You can?t blame a filmmaker for trying to control the spin when there is so much uncontrolled information swirling around. The Smoking Gun Web site ? www.thesmokinggun.com ? once posted the production budgets of some of Mr. Shyamalan?s movies, which included salaries for ?The Village?: $2.75 million for Adrien Brody, $1.25 million for William Hurt and a measly $150,000 for Bryce Dallas Howard, who played the main character. She was unknown then, but still.



Mr. Shyamalan?s current ambitions seem bigger than mere spin control, though, and depend as much on the public response to him as to his new movie. ?My life is about finding time to dream? is the tag line of his Amex commercial. A dream can be a tough thing to share, especially when it?s the fantasy of turning yourself into a pop-cult star.


I think the guy is a good director, a merely OKAY writer (I mean, you know what you're paying for when you see his flicks, but whatever) and a really pretentious a**hole. I just have a problem with anyone putting their name above the title. If you're such a talented director they don't need to do that unless it's some really early work no one knows/knew was yours to begin with. I'm not a big fan of those "Best Week Ever" pop culture panel shows, but one of the better thing I've ever seen when I came across one last weekend was one of the comedians calling him out as "Mr. M. Night."


Interesting how the writer of the article liked Signs but not Unbreakable. I thought Signs, from a writing standpoint, was complete garbage. I didn't see the Village because, by that point, I'd become kind of bored of the whole Shyamalan excercise and figured the monster/villain of the piece wasn't really a monster. I'm sure in "Lady in the Water," the Lady in the Water probably only exists in the protagonist's minds and it's about a pool in an insane asylum or something.

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While I think everyone in the world would agree that 'Village' was not very deep or secretive, his other three bigs films (Sixth Sense, Unbreakable and Signs) were all very enjoyable. And considering that one of my favorite actors stars in 'Lady' (Paul Giamatti), I'm looking forward to it.


I may have glanced over it, but one of Shyamalan's more obvious tactics is using an actor from the previous movie in the subsequent movie. Bruce Willis (Sixth Sense-->Unbreakable); Joaquin Phoenix (Signs-->Village); Bryce Dallas Howard (Village-->Lady in the Water).


I just thought that was....cool.


Also, he played a pretty 'decent' sized role in Signs, as the neighbor who crashed (and killed) Mel Gibson's wife.

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This movie looks like it's going to be a disaster.


I read several reviews of it on RottenTomatoes.com, and they pretty much said the same thing:


-The story is made up by the director as he goes along

-It's too hard to create an entire mythology successfully in one film

-Shyamalan's character in the film has too important of a role

-One character in the movie is just used to bash Disney and is the director's own stereotype of a movie critic

-The film is being marketed as a horror/thriller, when in reality it's not.


I predicted earlier this summer that this movie would follow the downward trend since The Village, and it looks like I may be right.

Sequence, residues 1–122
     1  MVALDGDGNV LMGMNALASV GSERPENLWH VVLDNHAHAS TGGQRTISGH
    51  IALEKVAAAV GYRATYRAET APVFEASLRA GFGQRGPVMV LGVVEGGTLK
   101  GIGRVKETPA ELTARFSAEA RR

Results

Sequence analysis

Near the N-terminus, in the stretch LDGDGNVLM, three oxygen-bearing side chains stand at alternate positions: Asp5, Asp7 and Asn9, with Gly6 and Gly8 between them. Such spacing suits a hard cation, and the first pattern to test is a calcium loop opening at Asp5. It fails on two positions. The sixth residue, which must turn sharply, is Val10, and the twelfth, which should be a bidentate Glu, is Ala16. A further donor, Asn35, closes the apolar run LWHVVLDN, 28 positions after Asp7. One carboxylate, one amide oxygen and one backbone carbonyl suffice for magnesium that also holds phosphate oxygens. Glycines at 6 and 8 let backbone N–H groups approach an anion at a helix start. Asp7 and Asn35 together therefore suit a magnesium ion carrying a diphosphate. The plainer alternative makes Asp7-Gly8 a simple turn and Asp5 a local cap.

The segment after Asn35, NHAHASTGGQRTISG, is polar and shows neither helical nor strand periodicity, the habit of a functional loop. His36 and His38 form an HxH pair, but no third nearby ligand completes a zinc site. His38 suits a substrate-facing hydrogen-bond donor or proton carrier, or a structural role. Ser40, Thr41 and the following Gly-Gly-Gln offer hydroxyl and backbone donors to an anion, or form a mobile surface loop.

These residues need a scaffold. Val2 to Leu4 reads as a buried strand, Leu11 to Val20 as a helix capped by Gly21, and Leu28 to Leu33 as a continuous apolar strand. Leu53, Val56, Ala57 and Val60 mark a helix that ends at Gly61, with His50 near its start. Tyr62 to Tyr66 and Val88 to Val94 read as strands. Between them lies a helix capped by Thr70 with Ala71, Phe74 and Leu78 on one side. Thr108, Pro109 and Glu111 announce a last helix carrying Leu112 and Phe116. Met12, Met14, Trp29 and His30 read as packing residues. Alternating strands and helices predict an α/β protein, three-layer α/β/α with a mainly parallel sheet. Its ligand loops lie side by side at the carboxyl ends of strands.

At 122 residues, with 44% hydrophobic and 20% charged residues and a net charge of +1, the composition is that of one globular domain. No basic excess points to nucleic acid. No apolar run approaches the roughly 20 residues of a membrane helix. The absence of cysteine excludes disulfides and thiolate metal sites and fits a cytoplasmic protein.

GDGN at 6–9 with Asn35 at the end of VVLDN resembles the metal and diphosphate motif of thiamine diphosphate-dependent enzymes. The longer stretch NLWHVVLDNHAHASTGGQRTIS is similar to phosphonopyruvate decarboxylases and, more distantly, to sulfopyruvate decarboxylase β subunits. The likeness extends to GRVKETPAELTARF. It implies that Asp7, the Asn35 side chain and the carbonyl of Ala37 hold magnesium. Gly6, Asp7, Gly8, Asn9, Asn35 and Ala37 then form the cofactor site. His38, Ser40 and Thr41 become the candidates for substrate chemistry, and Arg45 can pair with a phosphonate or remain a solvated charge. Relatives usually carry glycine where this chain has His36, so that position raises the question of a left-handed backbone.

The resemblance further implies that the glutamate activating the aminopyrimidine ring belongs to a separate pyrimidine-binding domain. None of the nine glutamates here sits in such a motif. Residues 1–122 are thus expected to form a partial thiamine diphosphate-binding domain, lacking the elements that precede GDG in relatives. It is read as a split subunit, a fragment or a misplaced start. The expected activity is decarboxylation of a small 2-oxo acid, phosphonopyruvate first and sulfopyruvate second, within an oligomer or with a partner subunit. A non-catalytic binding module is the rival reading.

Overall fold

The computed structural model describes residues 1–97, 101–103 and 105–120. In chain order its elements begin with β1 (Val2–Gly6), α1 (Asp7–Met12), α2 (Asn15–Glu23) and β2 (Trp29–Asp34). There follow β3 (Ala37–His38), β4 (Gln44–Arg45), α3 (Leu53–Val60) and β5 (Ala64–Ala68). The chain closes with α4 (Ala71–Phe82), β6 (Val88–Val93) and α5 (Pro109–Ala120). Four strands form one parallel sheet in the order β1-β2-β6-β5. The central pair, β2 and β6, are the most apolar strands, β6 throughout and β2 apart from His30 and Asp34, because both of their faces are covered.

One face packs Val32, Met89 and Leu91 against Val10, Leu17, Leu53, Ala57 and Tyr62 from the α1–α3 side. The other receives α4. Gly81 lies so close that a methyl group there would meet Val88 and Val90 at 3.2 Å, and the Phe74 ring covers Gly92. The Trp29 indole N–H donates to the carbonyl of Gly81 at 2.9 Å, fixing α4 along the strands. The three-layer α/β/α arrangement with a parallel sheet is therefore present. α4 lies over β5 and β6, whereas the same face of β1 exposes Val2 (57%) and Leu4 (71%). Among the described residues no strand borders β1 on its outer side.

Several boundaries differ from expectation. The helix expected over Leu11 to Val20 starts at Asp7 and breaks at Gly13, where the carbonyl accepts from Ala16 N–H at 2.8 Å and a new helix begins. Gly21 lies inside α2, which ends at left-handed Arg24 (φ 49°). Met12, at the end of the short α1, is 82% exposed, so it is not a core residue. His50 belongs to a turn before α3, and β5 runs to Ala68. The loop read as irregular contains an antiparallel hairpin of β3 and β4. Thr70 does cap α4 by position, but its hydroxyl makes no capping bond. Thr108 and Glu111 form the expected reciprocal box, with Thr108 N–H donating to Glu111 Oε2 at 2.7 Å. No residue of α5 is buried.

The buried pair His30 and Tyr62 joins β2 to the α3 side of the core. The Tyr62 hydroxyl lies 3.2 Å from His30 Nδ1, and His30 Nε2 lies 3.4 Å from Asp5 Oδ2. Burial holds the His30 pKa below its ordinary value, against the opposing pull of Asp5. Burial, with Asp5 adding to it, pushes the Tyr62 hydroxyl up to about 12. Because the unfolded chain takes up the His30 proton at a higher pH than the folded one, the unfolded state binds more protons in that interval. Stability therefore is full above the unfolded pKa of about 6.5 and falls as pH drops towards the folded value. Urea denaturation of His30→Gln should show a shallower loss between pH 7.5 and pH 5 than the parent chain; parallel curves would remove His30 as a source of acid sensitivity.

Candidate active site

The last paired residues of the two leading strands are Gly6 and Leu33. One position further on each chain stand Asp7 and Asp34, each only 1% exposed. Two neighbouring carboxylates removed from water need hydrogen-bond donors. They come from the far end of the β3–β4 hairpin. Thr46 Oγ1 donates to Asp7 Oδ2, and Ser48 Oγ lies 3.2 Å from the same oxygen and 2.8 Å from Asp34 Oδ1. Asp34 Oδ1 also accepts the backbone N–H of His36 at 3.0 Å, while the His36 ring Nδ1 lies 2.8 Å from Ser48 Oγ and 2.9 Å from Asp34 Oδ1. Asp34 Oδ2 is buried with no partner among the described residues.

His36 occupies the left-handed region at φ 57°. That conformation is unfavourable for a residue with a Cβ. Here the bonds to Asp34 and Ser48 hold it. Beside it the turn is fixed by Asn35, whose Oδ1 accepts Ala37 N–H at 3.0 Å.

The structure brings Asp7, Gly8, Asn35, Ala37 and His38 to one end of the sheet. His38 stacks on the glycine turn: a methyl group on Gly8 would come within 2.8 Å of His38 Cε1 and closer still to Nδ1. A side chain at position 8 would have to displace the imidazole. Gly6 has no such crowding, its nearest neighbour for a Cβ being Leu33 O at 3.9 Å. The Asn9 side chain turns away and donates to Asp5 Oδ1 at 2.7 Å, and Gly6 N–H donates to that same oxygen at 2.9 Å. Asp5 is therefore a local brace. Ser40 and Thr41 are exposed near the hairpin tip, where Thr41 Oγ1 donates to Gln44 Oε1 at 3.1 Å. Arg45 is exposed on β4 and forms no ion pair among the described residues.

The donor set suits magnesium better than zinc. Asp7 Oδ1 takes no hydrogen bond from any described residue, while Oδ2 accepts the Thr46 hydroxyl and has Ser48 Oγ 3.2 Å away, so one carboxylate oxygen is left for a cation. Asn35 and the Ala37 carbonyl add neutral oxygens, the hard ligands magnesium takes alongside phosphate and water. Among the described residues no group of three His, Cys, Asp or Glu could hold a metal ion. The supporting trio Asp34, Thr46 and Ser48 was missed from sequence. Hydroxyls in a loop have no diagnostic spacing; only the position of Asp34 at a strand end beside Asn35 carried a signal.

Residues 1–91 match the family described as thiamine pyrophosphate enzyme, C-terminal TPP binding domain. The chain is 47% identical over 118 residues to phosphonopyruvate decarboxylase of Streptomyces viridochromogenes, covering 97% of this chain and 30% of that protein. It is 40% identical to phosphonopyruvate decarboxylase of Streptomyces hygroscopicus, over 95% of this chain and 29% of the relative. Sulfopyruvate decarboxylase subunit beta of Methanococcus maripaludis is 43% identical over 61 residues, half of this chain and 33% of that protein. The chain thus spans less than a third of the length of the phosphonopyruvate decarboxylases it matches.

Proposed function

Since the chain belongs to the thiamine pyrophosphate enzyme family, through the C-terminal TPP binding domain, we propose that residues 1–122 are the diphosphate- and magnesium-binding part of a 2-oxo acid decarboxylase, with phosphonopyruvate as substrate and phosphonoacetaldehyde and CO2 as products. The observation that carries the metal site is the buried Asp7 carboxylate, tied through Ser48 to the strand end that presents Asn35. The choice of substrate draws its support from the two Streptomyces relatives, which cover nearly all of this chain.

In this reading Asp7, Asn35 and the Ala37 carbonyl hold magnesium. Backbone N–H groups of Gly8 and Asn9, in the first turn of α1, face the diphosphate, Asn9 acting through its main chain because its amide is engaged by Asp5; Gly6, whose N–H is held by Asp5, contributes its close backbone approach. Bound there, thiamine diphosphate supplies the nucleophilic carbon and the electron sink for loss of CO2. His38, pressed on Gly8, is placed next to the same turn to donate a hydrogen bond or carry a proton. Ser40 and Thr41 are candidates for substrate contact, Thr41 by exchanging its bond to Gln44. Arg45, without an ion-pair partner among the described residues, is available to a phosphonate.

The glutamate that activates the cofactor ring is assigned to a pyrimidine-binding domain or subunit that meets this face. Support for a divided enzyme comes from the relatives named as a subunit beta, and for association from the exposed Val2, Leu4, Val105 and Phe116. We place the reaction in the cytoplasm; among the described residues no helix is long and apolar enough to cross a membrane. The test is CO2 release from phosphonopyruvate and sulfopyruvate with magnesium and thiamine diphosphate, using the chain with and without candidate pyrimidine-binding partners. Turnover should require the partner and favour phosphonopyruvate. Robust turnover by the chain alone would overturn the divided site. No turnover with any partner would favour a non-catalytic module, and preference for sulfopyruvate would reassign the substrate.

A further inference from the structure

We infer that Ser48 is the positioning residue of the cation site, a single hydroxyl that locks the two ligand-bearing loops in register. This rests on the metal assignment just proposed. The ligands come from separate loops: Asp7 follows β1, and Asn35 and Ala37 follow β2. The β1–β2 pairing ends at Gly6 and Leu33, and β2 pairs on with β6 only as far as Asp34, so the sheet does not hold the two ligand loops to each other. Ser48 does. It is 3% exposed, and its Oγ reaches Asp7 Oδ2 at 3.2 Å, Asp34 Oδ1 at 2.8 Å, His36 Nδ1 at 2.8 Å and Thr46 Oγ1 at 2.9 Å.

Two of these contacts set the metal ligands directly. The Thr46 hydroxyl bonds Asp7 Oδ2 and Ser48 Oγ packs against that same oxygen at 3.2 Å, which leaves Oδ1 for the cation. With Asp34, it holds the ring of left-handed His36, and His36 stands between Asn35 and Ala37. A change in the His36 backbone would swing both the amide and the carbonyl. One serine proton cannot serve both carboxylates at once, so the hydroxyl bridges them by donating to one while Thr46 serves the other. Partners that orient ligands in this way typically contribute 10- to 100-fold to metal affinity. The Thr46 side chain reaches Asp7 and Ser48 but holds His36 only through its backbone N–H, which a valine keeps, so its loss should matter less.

It will probably make a decent amount the opening weekend, but I would expect a 60-70 percent drop-off in sales for next weekend.

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And kids singing in movie commercials is the kiss of death for me. I can't stand kids singing.



Good God, yes. Such a cheap and overused effect that I guess is supposed to be creepy, but to me just communicates "out of ideas".


I've actually liked all of his movies on some level or another, but I am still a little sick of him. I don't really have any interest in seeing this.

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From the upcoming Newsweek 7/24 issue:


The Crisis: He wrote and directed "The Sixth Sense" and "Signs." His films have grossed $1.6 billion worldwide. Now, judging from conversations with impartial observers around Hollywood, the perception is that success has gone to his head. "It feels like the entire town is rooting for him to fail," says one studio exec. "Is there a 12-step program for egos?" On the eve of "Lady in the Water," M. Night Shyamalan has cooperated with a book that details his arguments with Disney president Nina Jacobson. She advised him, for instance, not to cast himself as a visionary writer whose book will change the world. Shyamalan ignored her, and made the movie at Warner Bros. "He has completely burned a bridge at Disney," says a top agent. NEWSWEEK, some say, is partly to blame for Shyamalan's arrogance. "When your fine magazine proclaimed him 'The Next Spielberg' on the cover, this was all fated," says a studio exec.


Since that article four years ago, Shyamalan's movies?namely "The Village" and "Lady in the Water"?have certainly become more artificial and less engrossing. The success of "The Sixth Sense" gave him total creative autonomy, and he has isolated himself in Pennsylvania, where all his movies are made. "When someone is given total artistic freedom," says one blockbuster producer, "the result is usually bad."


The Cure: No one doubts his talent, or believes he has done irreparable harm to his career. What remains to be seen, though, is how he will react if "Lady in the Water" fails. "Will he be one of those guys who self-destructs," asks an Oscar-nominated producer, "or will he pick himself up and reinvent himself?" The solution, most suggest, is for him to break out of his self-imposed cocoon. "The smaller you make your world, the less of an artist you can really be," says an indie exec. "Look at Stanley Kubrick. If you see 'Eyes Wide Shut,' it's clear he hadn't left the house in 20 years." Others think Shyamalan should take a break from writing screenplays. "He could direct some big, great script that a studio is trying to get to someone like Spielberg," says the agent. Interesting thought, but this time let's leave the real Spielberg out of it.